December 15, 2022 - 7:00am

Otto von Bismarck supposedly once said that “with bad laws and good civil servants it’s still possible to govern. But with bad civil servants even the best laws can’t help.” Today, he would probably have to add that the worse the civil servants are, the more laws and regulations they seem to produce. 

The European Union is increasingly becoming an example of this. It has been an open secret for a long time that working for EU institutions is either a form of early retirement for politicians, or a lucrative career for lifelong bureaucrats.

The European Parliament is currently roiled by a corruption scandal which alleges that Qatar bribed one of the legislative body’s vice-presidents, Eva Kaili, to lobby on its behalf. Apparently she received 600,000 in cash, which is ironic since the Union is currently in discussions to limit cash payments for EU citizens to a maximum of 10,000. The vice-president title might sound impressive, but in fact there are 14 of them, presiding over 405 members of a “parliament” that does not even have the fundamental right of every other legislature in the free world: the right to propose laws. The parliament can only approve or reject proposals from the European Commission, making it a representative legislative body in name only. 

One of these proposals was the implementation of a special tax on imports based on greenhouse gas emissions, allowing European governments to engage in a form of climate change protectionism. This will be a massive blow to developing nations trying to export more goods and services to the EU, since these countries very often have particularly high emissions due to an underdeveloped renewable energy sector. 

This comes on top of new ESG reporting rules that will force companies to dedicate significant administrative resources to the task of “corporate sustainability reporting,” which will add even more red tape for companies that are already suffering under high taxes, excess regulation, and growing energy prices.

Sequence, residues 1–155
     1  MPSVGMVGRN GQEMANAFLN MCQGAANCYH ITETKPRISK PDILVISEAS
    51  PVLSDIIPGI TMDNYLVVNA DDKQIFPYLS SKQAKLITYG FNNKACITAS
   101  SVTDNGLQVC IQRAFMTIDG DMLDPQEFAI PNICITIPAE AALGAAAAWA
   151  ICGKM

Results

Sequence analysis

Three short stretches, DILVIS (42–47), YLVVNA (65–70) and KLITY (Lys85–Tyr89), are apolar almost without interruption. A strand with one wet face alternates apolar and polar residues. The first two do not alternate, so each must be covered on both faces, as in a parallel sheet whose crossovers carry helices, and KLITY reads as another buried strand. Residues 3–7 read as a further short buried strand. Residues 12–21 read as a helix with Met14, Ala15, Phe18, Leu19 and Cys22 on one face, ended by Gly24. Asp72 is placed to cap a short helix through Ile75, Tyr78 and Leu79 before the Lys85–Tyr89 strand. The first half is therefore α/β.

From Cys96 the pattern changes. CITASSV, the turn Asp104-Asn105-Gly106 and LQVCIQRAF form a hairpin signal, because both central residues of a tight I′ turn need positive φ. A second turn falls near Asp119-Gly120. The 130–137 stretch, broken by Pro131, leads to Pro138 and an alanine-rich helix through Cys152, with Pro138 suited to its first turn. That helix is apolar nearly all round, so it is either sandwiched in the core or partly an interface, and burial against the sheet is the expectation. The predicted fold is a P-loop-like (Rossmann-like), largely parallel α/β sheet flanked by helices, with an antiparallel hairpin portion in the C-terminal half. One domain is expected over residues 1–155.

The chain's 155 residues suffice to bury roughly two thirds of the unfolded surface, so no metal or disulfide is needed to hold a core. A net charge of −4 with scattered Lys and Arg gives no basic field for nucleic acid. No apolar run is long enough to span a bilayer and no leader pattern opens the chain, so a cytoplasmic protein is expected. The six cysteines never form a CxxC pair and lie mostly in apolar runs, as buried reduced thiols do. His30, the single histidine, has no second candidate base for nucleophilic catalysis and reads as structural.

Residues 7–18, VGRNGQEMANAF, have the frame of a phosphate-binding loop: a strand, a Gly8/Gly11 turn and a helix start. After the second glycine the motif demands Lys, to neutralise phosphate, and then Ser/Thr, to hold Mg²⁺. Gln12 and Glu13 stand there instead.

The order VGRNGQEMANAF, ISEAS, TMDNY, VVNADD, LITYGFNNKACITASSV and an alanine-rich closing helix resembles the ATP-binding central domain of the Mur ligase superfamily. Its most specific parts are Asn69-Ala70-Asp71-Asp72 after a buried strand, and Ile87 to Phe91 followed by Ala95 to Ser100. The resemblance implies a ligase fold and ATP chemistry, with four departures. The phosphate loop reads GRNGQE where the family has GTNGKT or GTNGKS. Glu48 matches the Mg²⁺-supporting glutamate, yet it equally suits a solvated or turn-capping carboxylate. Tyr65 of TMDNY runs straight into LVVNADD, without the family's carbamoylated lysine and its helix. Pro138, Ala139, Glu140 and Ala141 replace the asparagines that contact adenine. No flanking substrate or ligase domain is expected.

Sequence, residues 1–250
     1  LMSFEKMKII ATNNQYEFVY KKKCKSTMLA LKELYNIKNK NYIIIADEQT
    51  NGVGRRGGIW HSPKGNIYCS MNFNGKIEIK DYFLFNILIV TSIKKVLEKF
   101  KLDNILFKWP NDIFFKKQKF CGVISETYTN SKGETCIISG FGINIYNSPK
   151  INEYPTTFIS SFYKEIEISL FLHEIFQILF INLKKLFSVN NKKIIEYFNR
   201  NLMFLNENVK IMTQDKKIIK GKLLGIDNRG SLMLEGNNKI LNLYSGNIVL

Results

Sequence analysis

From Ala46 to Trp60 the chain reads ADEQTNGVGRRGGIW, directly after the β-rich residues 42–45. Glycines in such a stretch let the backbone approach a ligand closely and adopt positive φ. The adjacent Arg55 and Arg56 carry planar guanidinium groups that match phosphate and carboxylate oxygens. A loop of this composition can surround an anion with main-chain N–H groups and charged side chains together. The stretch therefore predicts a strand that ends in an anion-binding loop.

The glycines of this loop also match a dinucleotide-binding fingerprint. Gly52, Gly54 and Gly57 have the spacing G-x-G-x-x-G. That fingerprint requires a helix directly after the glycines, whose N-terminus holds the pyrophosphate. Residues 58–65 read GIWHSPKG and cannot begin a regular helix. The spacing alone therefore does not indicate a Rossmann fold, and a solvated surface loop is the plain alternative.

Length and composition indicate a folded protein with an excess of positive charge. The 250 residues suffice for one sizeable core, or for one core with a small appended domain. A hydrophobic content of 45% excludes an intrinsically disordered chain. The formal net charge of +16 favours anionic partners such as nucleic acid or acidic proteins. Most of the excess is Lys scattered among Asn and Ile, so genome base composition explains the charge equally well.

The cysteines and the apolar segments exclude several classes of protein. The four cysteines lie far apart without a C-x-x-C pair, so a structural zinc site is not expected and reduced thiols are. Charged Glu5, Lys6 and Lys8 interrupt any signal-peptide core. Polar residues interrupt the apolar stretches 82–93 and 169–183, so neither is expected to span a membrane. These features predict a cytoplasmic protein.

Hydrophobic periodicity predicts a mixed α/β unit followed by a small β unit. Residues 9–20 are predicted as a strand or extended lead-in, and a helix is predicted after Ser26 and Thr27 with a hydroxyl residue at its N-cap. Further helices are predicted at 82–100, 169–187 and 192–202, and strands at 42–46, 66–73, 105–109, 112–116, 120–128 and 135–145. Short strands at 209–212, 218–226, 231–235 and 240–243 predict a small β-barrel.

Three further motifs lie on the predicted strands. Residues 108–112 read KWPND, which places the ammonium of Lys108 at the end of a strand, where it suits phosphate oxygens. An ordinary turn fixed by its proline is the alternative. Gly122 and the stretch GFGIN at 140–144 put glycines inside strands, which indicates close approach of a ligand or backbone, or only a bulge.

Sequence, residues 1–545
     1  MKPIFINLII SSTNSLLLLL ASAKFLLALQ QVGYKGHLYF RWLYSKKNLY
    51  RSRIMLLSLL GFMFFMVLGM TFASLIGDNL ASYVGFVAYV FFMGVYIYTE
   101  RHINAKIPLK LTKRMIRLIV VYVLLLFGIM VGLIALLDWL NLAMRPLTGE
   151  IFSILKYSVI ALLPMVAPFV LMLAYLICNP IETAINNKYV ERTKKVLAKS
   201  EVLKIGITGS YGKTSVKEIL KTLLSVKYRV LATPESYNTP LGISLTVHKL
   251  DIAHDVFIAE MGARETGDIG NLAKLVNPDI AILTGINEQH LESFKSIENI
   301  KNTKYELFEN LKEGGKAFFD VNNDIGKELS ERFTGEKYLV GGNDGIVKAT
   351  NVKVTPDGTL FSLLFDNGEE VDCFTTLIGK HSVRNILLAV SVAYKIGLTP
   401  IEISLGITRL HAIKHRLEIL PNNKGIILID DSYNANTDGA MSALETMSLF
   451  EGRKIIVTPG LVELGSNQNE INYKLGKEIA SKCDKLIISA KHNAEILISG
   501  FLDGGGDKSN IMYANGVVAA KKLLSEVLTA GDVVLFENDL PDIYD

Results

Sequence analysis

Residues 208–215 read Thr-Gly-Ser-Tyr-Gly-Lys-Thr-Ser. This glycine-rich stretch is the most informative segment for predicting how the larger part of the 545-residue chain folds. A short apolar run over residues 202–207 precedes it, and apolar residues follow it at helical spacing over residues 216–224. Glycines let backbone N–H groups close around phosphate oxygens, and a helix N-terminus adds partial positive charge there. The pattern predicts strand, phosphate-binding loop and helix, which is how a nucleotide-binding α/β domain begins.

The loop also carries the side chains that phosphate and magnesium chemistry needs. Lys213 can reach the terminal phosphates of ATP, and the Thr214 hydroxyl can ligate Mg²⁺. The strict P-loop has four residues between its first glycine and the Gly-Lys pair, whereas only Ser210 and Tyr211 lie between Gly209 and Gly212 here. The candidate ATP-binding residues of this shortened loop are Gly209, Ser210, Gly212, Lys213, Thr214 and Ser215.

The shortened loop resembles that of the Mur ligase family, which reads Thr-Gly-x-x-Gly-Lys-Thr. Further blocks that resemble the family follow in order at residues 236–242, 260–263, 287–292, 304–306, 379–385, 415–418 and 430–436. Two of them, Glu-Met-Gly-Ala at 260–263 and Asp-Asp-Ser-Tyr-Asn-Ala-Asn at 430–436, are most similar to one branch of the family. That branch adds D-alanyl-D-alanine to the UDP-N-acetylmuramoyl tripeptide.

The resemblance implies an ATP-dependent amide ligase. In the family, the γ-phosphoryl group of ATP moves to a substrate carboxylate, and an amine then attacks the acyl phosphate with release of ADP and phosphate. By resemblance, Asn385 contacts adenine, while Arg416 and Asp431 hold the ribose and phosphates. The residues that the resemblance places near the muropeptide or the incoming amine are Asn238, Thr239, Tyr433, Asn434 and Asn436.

It remains to be seen whether all of these sweeping plans will comply with international trade laws, but one consequence will be unavoidable: the costs for producers and thereby the prices for consumers will rise with every new regulation, and there is no end in sight when it comes to Brussels’s appetite for interfering with businesses wherever it can.

For example, shortly after Elon Musk took over Twitter, Thierry Breton — the Commissioner of the Internal Market of the European Union — proclaimed on the social networking site that “in Europe, the bird will fly by EU rules.” These rules (among others) come in the form of the 2022 EU Digital Services Act, yet another regulatory framework which helps to explain why there is not a single European company among the top 10 most used social media platforms within the EU. 

It is quite remarkable that, instead of creating structures to incentivise innovation and competitiveness, the EU prefers its organisations to ban competition and ensure that, in the long run, Europeans will pay more for lower quality.

There is an habit in Brussels (shared in many other European capitals) that you can simply regulate your way out of a crisis and the rest of the world will play along. As will become increasingly clear over the next few years, this will not work: the world will move on while Europe falls further behind. The ultimate price is paid by taxpayers who will continue to subsidise the cushioned careers of an ever-growing bureaucracy — but not in cash, of course, since that would be illegal. For some, at least.